This has important political implications for  the possibility of a secular state – the separation of the state and religious institutions. Indeed, although the secular state is supposed to be distinct from religion, it is also the apparatus that institutionalises and entrenches collective beliefs, which are religious in character. Thus, in Durkheim’s framework, the secular state may be bound to have a religious aspect.   

From this we can draw two final conclusions. First, we may oppose a sharp distinction between rationality and religiosity. Rationality is a belief system which has attained a religious status in the sense that is is unquestioned, normalized and institutionalized. Of course, there are many distinctions between traditional world religions and rationality. Nonetheless, both remain collective belief systems, which come to be worshipped and defended by most.

We could thus also question our current political structure in which the rational state supposedly stands diametrically opposed to religion, and where the state can, accordingly, intervene to regulate and accommodate religious requirements. It is not inherent to the nature of either religion or rationality that the latter should be governed by the latter. It results from the fact that society has prioritized the rational order, and elevated it to a supreme status.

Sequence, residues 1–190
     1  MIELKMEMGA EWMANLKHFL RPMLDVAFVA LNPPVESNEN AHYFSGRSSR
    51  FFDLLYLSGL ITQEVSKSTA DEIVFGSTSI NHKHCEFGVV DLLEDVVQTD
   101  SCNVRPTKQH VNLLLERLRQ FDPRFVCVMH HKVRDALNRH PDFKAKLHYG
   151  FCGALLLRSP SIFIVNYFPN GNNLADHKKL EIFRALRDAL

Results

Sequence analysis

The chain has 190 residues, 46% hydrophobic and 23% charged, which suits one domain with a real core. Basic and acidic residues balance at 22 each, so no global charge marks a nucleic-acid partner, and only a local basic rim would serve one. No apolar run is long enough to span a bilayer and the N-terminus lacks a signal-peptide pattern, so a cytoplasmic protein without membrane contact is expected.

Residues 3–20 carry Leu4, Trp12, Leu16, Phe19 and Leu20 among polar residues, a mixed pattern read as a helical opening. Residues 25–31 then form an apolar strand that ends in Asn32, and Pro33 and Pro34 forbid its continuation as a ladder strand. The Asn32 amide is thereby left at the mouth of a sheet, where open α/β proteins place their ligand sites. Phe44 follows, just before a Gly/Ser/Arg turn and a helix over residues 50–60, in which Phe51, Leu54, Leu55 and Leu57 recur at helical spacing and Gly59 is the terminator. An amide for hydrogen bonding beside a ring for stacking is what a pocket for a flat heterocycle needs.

Second, we should be careful when distinguishing between “secular” and  “non-secular” states. This is not to say that all states are (in the traditional sense) equally non-secular: one can hardly claim that the Canadian state-religion relation is the same as the Iranian one. Nonetheless, there is a tendency to assume the superiority of the secular state as a fundamentally better and more advanced form of the religious state. Yet Durkheim cautioned that : “religion is society that worships itself” [3]. As long as the state embodies collective ideals, it will necessarily entrench the dogma that accompanies them. Indeed, we are just as prone to worship the ideals of our “secular” states as religious societies are to worship their “non-secular” ideals. Religion may take different forms in different human societies, but the true essence of religion, which is the rituality, sanctity and inviolability of collective beliefs, remains a fundamental aspect of any collectivity – including of the non-secular state.

The opinions expressed in this article are solely those of the author and they do not reflect the position of the McGill Journal of Political Studies or the Political Science Students’ Association.

Feature image by Jean Louis Mazieres, via Flickr Creative Commons.


  1. Durkheim, Emile. “Religion and Rituals.” In Emile Durkheim: Selected Writings, edited by Anthony Giddens. Cambridge: Cambridge University Press, 1972. p.219.
  2. Durkheim, Emile. “Religion and Rituals.” In Emile Durkheim: Selected Writings, edited by Anthony Giddens. Cambridge: Cambridge University Press, 1972. p.222.
  3. Durkheim, Emile. The Elementary Forms of the Religious Life. Translated by Carol Cosman. Oxford: Oxford University Press, 2001.